The Only Savior that Saves

Here's real for you: Ever since Christ rescued me and gave me new life in Him, I have become painfully aware of other things in my life that I run to for rescue. Scripture calls them idols of the heart. Some have appropriately called them "functional saviors." When I have them, my little kingdom is good. When I don't, the temptation to sin becomes very evident in my life. You may resonate with this.

COMFORT This is a theme of North American Christianity and the mantra that we often sing with our lives. I want things to be comfortable in my life. I want everybody I love to be healthy and have what they need—routine, creature comforts, etc. No drama. No stress. But there is nothing comfortable about what we're going through right now.  

CONTROL That's right, I like to be in control. I want to be able to fix things, take care of things, make sure things are done right, have things my way. However, from little things (like red lights) to big things (like Kaitlyn's recovery), I am reminded again and again that I am not in control.

PRODUCTIVITY  Deep in my core, I gain a sense of self-worth, personal value, and even acceptance from others because of my productivity. I have this innate drive to perform, to showcase my responsibility, to earn the approval of others, and to feel good about myself because of how I can produce. I feel like all my productivity has been stripped from me these past two weeks. Allowing other people to perform for me and to take care of the things that are my responsibility while not having the ability to produce myself is driving me into the ground. We live in a "what have you done for me lately" culture and that adds to the struggle with this idol.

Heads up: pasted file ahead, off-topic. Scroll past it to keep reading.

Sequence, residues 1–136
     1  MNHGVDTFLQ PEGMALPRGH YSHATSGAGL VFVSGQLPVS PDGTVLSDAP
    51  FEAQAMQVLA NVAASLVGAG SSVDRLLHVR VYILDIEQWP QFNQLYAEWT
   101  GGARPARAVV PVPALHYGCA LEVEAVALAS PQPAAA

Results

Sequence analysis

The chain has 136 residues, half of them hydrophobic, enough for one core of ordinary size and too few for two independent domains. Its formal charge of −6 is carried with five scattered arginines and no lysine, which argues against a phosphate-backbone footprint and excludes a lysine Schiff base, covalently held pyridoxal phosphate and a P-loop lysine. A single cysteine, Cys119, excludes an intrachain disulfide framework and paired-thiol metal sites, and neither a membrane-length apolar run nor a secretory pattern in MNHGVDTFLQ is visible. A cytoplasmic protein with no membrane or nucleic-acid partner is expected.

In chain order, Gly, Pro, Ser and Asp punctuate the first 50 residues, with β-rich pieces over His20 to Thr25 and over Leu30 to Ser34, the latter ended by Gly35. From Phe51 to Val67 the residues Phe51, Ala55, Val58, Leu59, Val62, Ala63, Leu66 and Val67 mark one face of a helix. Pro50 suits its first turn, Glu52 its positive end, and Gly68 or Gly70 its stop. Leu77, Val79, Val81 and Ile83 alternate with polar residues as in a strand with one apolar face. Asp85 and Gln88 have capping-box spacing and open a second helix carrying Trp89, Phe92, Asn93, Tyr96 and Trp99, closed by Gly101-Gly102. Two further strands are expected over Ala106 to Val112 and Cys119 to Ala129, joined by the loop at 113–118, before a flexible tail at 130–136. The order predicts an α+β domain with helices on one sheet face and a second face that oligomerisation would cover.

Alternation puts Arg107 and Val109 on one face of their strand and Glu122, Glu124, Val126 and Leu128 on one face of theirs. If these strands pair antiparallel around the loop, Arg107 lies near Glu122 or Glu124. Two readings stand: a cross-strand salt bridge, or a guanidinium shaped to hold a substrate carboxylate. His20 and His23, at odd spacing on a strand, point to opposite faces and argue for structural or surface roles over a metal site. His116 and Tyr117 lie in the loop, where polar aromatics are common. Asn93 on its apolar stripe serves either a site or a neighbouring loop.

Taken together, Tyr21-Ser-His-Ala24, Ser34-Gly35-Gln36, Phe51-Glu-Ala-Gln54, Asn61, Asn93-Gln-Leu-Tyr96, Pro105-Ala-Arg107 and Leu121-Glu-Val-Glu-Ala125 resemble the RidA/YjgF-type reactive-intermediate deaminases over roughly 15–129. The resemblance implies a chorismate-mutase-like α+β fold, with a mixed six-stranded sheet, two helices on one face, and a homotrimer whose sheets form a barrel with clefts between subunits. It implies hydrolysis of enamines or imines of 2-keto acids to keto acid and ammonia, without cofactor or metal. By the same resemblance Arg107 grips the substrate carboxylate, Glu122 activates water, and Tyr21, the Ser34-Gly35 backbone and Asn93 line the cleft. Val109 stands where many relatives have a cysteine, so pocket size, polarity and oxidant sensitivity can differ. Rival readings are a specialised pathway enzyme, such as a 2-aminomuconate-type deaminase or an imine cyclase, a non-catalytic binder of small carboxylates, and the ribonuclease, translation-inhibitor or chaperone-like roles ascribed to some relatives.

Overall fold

I run to these functional saviors all too often, and when they are stripped away, I fight for them and wish I had them back. It's a sad reality of living in this broken world, and the fact that although I am "in Christ,” there remains part of me that is not yet fully redeemed. Sadly, even these blogs are in part a futile attempt to feel productive, to find value or worth, to feel accepted by others by their approval of what I have to say. Isn't that sad?

That's not the end of the story though. I'm not stuck here in this depravity. Repentance is a gift from God. It means that I see my sin the way that God does. I feel the weight of it. And by God’s grace, I have the will to take steps to be more and more free from it. It always comes back to believing the gospel.

Because Christ left all of the comforts of heaven for me, because Christ gave up control and submitted Himself to the Father's will for me, because Christ was productive for me, I can run to Him instead of these functional saviors for rescue. He did it perfectly when I couldn't. He got an A+ for me, and therefore, because I am in Christ, the Father sees me with Christ's perfection. Because I don't have to perform and I don't have to pretend, I can rest in Jesus and take my joy in Him. I can find hope in Jesus, even when I struggle with my idols of comfort, control, and productivity. I can find my value, my worth, and all of my acceptance in Him, not because of any improvement on my part, but because of His perfect righteousness in my behalf.

We are more sinful than we had ever imagined, but we are more loved than we had ever hoped!